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Building Trust

A high technology world is a world fundamentally based on trust. The lack of this is currently the single largest issue, defining politics within and without national borders.

There are many kinds of “tech.”

We have to start with the definition of “technology” once more. Techne, in Greek, simply means skill so the word itself means nothing more than “the study of skill.” In practice, it is more about the development and application of skill to produce useful items for sale and earn a living.

It is much more common to define technology by the things that it brings us. This is an inadequate definition for many reasons. Take for example a mobile phone, something you have right now. It is a bundle of a lot of different technologies connected together to make one whole, a concept also worthy of more discussion. Yet it is much more than that single item at the same time.

Like any piece of technology, what makes the thing useful is how it is used.

They’re everywhere.

Many jobs today depend on writing software for such devices, for example. Each generation of phone is defined by the new features which make it up, or each advancement that distinguishes it from the otherwise increasingly commoditized concept of “mobile device.” Most importantly, people of all kinds use these devices to build and maintain connections to each other.

This is typical of all higher technologies. They are defined by their connections, or ability to connect, in an increasingly specialized world.

There is no reason to understand what has gone into this phone. There is little reason to think about the components of it either, unless one becomes limiting. At the time of purchase, a comparison between brands might be based on “the gots” – it’s got a 4k camera, it’s got 8GB of memory, and so on. Yet after that, these details are less important as long as they continue functioning. The phone, the pieces of technological art connected to make a whole, is a single thing.

Society itself comes to work in much the same manner. As we specialize into different areas, it is important that everyone does their job in order to make the entire system work. Every one of us is an appliance user in some form as a result, as none of us understand everything which we use on a daily basis.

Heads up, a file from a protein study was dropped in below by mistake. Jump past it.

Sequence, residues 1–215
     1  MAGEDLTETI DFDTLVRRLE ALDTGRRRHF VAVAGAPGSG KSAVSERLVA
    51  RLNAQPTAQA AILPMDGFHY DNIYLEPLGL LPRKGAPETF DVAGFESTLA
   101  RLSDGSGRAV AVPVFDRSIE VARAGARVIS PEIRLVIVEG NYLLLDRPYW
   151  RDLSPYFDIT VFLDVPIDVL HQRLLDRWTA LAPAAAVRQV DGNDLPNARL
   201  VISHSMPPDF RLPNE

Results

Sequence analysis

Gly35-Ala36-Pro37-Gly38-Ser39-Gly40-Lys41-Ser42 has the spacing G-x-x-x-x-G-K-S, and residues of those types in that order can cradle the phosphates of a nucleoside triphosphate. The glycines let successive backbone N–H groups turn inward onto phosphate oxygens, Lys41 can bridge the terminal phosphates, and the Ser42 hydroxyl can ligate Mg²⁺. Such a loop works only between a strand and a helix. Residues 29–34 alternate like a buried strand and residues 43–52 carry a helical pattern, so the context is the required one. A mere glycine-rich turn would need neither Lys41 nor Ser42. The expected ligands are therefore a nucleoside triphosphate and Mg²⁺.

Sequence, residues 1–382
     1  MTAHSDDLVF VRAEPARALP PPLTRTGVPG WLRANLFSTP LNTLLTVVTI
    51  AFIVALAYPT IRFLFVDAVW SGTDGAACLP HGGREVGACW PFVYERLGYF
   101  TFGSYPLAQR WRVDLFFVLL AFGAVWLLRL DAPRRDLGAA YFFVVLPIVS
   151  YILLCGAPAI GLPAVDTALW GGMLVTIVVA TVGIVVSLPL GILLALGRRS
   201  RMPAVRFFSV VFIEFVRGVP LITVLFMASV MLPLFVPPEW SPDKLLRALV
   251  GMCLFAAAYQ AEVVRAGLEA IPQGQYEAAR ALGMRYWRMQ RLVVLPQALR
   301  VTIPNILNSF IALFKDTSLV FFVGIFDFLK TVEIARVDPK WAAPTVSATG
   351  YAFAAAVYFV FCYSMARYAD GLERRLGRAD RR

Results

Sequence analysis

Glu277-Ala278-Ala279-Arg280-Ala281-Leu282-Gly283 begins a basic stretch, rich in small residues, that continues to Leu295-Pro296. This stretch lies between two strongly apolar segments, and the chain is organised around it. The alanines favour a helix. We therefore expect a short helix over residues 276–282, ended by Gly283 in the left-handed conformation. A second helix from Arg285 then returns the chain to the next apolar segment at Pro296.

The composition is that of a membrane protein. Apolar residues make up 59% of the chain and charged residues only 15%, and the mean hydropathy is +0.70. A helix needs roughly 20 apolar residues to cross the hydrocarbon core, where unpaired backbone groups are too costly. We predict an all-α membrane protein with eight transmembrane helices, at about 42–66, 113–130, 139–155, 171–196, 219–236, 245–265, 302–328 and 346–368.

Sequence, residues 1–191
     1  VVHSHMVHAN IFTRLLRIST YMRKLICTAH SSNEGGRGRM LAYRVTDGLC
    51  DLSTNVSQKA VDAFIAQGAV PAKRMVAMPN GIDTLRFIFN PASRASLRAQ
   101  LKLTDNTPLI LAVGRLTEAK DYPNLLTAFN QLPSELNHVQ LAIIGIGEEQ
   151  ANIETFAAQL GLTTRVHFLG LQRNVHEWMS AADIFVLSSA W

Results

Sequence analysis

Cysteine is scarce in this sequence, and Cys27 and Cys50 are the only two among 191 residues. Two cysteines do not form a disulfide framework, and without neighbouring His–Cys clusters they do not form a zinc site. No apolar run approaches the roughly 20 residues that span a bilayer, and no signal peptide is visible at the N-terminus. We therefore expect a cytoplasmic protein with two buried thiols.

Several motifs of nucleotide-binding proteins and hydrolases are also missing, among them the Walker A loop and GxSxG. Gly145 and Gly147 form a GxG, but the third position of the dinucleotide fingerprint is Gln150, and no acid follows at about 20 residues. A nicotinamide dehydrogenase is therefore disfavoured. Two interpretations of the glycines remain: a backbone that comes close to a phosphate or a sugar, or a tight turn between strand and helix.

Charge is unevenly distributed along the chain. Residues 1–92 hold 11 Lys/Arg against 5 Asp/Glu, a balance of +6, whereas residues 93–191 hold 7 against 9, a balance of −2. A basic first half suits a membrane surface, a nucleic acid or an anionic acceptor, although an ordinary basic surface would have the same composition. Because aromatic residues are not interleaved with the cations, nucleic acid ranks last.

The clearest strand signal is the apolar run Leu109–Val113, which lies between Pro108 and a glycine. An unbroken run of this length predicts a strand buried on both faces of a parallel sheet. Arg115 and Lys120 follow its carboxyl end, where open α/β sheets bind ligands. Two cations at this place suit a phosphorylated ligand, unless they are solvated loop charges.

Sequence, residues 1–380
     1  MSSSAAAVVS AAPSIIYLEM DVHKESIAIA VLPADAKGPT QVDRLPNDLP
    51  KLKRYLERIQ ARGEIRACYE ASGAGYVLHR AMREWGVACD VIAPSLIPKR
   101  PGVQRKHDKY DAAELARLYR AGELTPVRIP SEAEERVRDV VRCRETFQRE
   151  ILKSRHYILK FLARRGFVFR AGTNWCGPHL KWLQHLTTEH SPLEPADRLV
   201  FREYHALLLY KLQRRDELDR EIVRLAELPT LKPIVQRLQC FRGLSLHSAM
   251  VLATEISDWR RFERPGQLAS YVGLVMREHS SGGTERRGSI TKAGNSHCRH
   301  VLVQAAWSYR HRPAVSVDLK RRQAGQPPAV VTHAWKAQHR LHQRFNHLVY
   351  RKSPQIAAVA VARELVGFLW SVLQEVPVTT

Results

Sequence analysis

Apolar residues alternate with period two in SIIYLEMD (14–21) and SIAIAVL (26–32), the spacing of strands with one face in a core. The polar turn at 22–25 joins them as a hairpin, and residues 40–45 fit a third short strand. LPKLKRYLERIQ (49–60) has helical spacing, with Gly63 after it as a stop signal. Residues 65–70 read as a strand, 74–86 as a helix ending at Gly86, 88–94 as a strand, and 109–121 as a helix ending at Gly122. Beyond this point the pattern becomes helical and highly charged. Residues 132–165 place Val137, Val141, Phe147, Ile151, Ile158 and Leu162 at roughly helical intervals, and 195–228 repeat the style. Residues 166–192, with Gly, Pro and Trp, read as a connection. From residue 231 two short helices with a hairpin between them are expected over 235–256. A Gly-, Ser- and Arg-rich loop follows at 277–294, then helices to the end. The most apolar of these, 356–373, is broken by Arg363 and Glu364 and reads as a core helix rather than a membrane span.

This is also “tech.”

Take as another example the opposite end of the technology tree, the food you eat. Very few people think of agriculture as “technology,” but it very much is. Can you grow the food that you need to survive? If you had a modern farm at your disposal, could you hitch up a plow and make it all work? Could you breed a cow, raise it up, slaughter it, process the meat, and keep it fresh long enough to use it all?

In terms of technology we use but do not understand, we do not need to look any further than a hamburger.

For this, we have to believe that this is indeed a real burger. We have to believe that it is not full of dangerous hormones or antibiotics. These are all things which we cannot know individually for every burger, no matter how much we’d like to. The great system of connections that raised that cow, killed it, turned it into meat, shipped it to us, and eventually cooked it contains a series of connections which we all have to trust.

Failing that trust, some kind of regulation is necessary – meaning that we ultimately trust our government.

The standard commodity that is the same everywhere – but made from local materials & labor. And the indigestion is the same, too.

In the burger example, the need for a lot of trust is obvious. In the phone example, it takes a bit more paranoia to consider what kind of spyware was accidentally piggybacked with that kewl app or installed as a chip on the phone. In all of these cases, the series of connections that make specialization possible in a high technology world are based entirely on trust no matter which way you look at it.

Do you trust the market and its series of connections? Do you trust government?

I have often said that leadership in today’s world is equal parts strategy and teaching. I think that I need to add trust to that definition. These three elements, together, are all woefully missing. But it is trust which is more fundamental and immediate. A specialized world, a technology driven world, absolutely depends on trust at all levels.

Teaching and a transparent long-term strategy do help build trust, without a doubt. There are many aspects of leadership which must be possessed by every citizen in an open, democratic society. Trust, however, is a particularly special case which has to be earned and shared as well as exhibited in the highest possible moral standards. Among these meta-skills trust, or the ability to generate trust, stands alone.

This is why trust of our government, regardless of where we live, or trust in other people in other cultures along with their government, has come to define all aspects of human interaction and the building of a larger global market and civilization, something we can call “politics.”

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